Scotland’s new chief constable has apologised and accepted she made an “error of judgment” when she used a police car and on-duty officer to make a 120-mile trip.

Jo Farrell became Scotland’s top police officer in October, and prior to taking on the job she was chief constable of Durham Constabulary in the North East.

But after only 11 days on the job, she has already had to apologise after she used a police vehicle to take her home when the train she had planned to travel on was cancelled.

She was driven from Edinburgh to Northumberland in a 120-mile "error in judgement" to take her home to England as Storm Babet lashed the UK last month.

The Northern Echo: Jo Farrell has been appointed Police Scotland chief constable

The incident happened on the evening of October 20, with the Sun newspaper reporting a Police Scotland car made the trip with an off-duty police officer behind the wheel.

Ms Farrell confirmed she had requested her office “arrange for a car to drive me home to the Northumberland area after work”.

In a statement issued by Police Scotland, she said: "I requested my office to arrange for a car to drive me home to the Northumberland area after work.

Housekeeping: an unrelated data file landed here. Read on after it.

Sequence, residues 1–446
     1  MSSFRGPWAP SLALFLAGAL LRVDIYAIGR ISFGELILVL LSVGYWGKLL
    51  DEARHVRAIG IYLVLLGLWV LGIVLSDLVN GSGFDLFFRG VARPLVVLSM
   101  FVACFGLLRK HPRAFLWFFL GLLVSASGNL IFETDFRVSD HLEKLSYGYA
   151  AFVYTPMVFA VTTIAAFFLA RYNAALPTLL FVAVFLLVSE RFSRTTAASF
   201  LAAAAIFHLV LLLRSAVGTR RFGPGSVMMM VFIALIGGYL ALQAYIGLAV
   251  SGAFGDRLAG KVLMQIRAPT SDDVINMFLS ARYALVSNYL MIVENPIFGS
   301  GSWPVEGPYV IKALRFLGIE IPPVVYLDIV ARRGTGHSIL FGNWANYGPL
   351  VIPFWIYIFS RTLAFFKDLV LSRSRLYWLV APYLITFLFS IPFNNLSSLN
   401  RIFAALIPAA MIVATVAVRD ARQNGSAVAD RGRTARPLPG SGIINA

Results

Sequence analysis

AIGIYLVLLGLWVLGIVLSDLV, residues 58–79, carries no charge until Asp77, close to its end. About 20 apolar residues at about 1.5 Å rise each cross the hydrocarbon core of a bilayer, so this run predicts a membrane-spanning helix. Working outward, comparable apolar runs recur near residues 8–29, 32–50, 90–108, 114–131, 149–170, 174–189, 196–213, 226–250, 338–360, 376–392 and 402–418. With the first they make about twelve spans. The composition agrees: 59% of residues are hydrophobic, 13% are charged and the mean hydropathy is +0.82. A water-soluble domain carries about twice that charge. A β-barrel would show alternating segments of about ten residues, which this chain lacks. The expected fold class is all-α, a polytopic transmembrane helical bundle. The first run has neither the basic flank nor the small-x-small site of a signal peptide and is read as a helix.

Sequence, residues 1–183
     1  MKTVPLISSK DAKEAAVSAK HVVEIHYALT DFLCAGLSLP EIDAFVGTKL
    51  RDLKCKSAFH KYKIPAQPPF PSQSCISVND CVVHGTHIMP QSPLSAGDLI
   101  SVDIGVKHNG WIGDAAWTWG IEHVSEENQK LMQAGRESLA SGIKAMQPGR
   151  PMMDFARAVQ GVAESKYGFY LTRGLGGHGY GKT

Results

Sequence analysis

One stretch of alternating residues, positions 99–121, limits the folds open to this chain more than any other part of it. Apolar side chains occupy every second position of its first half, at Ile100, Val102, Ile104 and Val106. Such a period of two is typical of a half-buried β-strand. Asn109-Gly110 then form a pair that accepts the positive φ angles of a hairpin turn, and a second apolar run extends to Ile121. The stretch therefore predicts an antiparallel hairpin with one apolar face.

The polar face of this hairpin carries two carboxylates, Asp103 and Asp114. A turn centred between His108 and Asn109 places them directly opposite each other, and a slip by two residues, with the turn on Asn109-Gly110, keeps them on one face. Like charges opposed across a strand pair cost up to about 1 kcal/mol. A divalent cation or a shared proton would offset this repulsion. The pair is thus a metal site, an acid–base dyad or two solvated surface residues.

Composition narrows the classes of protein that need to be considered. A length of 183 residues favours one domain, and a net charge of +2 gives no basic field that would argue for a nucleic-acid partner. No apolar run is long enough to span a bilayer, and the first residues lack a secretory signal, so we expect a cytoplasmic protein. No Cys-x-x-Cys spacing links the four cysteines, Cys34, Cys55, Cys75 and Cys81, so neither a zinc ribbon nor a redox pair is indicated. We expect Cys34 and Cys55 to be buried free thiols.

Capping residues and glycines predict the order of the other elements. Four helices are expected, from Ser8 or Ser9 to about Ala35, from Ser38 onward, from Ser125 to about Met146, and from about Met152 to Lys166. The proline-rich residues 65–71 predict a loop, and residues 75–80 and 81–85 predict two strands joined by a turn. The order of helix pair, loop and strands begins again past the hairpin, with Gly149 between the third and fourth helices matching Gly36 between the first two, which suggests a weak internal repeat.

“I was unable to complete the journey by train as services had been cancelled and my own police vehicle was unavailable.

“I have apologised for this error of judgment.”

Most read: 

Get the latest news, sports, and entertainment delivered straight to your device by subscribing to The Northern Echo here

Watchdogs at the Scottish Police Authority (SPA) confirmed chairman Martyn Evans has raised the matter with Ms Farrell.

An SPA spokesperson said: “The authority is aware the chief constable used a police vehicle following the cancellation of a scheduled train journey.

“The chair has discussed this with the chief constable who has apologised. The authority considers the matter closed.”